reconciling things

“Allow it all to happen: beauty and terror…” Rilke

In a nutshell…

October 26, 2017

Last night I got to share my conversion story with the women’s group at my parish. It was the first time I have given my testimony in a public way. It was a blessing to be able to share my excitement and the honor I feel in being Catholic.

(I apologize for how fast I talk and for hand movements that when seen without the audio look something like interpretive dance.)

3 thoughts on “In a nutshell…

  1. Arlin says:

    Hi Daja,
    first I want to tell you how much I love you and your wonderful family. You are a great inspiration to me in so many ways and I learned so much from you.
    Also, I respect your testimony and the Catholic Church, I love specially the silence and the meditation and the communion with Jesus but I really really have a very big problem with praying to Mary, actually this is maybe the only or main reason I am not a supporter of this faith. If you don’t mind, let me tell you, my view of the subject. The Catholic church puts her in such a high position that she became an Idol. They pray to her as a mediator between Jesus and us, this is not right. She was a person we should respect but she also needed a Savior like us. We should not look to her or anybody else than Jesus alone but we do when we pray to her after we prayed to Jesus. For there is one God and one Mediator between God and men, the men Jesus Christ.1.Timotheus 2:5. If we look to her we exalt her the creation rather than creator.
    I understand that we should have unity and through the protestant church or Reformation, the unity was broken but we should not join hands with believers (in my opinion) who don’t give the full honor and attention to Jesus. I hope and I know you can handle this here. I am not one of your critics. I am your friend. God bless you.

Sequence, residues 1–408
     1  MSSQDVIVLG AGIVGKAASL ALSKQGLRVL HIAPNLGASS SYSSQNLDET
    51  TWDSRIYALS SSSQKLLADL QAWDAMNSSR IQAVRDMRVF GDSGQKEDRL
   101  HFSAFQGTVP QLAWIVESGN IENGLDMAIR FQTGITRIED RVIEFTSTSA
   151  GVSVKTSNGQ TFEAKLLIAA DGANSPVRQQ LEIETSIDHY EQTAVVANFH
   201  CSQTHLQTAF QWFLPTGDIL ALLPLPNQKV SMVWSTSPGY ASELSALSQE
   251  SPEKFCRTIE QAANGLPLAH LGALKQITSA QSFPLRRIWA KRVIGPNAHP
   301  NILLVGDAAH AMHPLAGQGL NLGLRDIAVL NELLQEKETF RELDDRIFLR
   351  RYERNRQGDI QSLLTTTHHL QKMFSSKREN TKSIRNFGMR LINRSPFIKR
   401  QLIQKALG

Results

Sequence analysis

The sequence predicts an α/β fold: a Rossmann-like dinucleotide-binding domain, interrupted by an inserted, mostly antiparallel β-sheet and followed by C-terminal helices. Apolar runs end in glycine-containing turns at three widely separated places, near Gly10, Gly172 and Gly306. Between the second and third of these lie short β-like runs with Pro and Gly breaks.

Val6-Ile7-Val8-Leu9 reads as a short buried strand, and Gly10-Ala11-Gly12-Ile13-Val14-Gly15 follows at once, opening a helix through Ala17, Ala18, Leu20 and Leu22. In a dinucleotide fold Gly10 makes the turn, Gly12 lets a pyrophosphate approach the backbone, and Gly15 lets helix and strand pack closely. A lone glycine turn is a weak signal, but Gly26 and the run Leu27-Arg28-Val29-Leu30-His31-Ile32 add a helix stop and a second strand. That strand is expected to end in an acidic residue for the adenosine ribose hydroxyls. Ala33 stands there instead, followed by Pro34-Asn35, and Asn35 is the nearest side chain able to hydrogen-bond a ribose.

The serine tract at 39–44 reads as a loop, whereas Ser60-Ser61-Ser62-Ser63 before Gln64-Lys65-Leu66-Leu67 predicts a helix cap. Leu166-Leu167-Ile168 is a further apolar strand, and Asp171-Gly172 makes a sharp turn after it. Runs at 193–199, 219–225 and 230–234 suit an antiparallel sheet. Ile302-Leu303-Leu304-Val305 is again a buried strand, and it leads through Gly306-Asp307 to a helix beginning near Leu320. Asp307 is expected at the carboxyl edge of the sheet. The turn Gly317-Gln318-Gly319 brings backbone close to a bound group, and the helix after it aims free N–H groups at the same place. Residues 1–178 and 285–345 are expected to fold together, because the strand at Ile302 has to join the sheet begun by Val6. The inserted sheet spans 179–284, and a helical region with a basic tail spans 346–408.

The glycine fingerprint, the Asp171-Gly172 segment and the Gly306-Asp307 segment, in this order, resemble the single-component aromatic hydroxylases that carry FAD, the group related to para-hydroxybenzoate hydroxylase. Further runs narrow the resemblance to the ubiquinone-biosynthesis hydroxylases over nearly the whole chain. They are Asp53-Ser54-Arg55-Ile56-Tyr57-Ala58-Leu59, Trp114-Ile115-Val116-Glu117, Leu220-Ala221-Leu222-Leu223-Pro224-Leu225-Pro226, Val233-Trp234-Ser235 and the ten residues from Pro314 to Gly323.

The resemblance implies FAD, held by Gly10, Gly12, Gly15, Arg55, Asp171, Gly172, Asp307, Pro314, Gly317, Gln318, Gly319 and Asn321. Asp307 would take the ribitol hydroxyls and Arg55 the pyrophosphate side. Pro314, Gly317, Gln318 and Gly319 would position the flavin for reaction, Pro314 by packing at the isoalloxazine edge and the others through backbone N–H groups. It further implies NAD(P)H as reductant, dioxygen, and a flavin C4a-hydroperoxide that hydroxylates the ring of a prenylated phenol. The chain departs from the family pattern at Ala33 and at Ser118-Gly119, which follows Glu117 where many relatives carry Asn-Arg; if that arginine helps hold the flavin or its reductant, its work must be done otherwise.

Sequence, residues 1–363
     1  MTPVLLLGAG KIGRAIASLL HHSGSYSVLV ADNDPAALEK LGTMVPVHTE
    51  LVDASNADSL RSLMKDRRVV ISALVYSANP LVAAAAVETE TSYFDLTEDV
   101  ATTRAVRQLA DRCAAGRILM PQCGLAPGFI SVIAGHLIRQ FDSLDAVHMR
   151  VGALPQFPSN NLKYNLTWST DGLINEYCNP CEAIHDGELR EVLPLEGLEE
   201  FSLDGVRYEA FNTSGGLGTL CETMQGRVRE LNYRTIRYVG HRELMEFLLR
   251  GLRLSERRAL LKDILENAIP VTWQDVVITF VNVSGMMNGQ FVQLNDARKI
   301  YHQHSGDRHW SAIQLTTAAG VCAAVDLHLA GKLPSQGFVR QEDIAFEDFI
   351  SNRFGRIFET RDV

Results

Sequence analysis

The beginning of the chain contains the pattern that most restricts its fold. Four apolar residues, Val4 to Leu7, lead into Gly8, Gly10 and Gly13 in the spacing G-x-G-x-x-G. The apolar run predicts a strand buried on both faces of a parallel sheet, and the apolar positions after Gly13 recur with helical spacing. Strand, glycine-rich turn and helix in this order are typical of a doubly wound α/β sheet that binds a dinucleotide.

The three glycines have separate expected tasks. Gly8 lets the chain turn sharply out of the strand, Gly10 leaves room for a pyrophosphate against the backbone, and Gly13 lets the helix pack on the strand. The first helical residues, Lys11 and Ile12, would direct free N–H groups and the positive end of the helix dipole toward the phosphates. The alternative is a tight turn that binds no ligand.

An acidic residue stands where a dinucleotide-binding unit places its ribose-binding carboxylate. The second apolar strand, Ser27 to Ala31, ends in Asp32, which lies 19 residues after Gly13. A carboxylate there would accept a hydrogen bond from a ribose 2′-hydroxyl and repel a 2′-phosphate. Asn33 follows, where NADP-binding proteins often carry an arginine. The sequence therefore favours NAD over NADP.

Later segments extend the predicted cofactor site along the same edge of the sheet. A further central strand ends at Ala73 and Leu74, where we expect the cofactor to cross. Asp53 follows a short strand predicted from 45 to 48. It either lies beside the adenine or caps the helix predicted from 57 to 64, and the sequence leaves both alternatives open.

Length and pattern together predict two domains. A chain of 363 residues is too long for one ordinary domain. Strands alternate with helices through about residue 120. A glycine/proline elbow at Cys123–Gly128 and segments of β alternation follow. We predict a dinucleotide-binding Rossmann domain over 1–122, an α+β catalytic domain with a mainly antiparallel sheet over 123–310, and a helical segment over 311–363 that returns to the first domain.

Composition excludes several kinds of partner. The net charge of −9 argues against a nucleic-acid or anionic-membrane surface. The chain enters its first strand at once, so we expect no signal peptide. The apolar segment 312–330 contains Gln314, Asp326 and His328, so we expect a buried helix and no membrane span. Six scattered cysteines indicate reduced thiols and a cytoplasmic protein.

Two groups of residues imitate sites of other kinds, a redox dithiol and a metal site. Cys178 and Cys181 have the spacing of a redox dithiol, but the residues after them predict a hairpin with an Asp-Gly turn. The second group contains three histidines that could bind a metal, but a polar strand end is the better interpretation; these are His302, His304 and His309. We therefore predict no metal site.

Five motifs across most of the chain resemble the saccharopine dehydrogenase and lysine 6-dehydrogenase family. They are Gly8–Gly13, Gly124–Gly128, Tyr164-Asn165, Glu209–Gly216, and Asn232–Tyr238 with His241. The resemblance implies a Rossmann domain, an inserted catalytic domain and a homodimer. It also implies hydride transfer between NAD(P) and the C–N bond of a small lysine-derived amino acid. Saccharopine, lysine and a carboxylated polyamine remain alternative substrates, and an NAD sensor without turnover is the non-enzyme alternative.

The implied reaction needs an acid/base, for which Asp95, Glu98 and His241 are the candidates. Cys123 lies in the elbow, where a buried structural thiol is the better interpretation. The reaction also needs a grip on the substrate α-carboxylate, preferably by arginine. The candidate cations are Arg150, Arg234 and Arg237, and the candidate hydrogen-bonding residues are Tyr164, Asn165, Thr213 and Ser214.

1. Thank you, Arlin. I can hear your comment in your sweet voice. I know your intentions are only good. And I don’t mind answering honest inquiries at all. ❤

      I don't have a lot of time, but I want to answer a couple things. First of all, let's imagine that I had some major surgery coming up and I was scared. And I called you and I said, "Arlin, would you pray for me? I need healing and peace." Would you reply, "Go to God yourself. We only have one mediator and that is Jesus." No, I don't think you would. I think you'd probably take me by the hand and pray for me. You'd go to Jesus on my behalf, saying the words perhaps I am too scared or overwhelmed to say myself. And we'd go to Jesus together, believing in the power there is in agreement by faith.

      That's what it is to "pray" to the saints. To pray is simply "to ask." We are not praying in the sense of worship. We are saying, "Please go to Jesus for me, with me, and let's join our faith together, believing for miracles." Asking the intercession of the saints does not replace going to Jesus! Catholics probably pray the Our Father more than any other Christian sect on earth. It isn't an either/or proposition. It is both/and. And how powerful the intercession of the saints (Mary included!) is! In fact, we see in the book of Revelation that the elders stand before the throne with bowls of incense that is the prayer of the saints! (Revelation 5) By, not asking the intercession of those saints (I mean, just think about it! They are joined fully to Jesus, released from all the frailties of this world, fully in the beatific vision! Their prayers have got to be pretty amazing!) we are robbing ourselves of some powerful help from heaven. All because of the misguided idea that 1 Timothy 2:5 applies here.

      If you can pray for me because you are united to Jesus in faith, why could someone even more perfectly united with Jesus be unable to pray for me? This does not usurp Jesus' place at all! It's us, partaking in the divine nature–participating in redemption! (2 Peter 2:4)

      But, really, in the end, the crux of most of these matters (whether it be Mary's role in the lives of Christians or any other "controversial") doctrine, is the role of authority. As a Catholic, I believe in the authority of Sacred Tradition and the authority of Sacred Scripture. Whereas a Protestant only believes in the authority of Sacred Scripture. But, to have one without the other is to ignore the direct teaching of Scripture. We are commanded multiple times to obey Sacred Oral Tradition–the unwritten words passed down to us from Jesus and the first Apostles.

      I would encourage you to read this:

      Love to you and your family! I hope you are all doing well. ❤


      1. Here’s a video I saw today and it addresses your concern very well:


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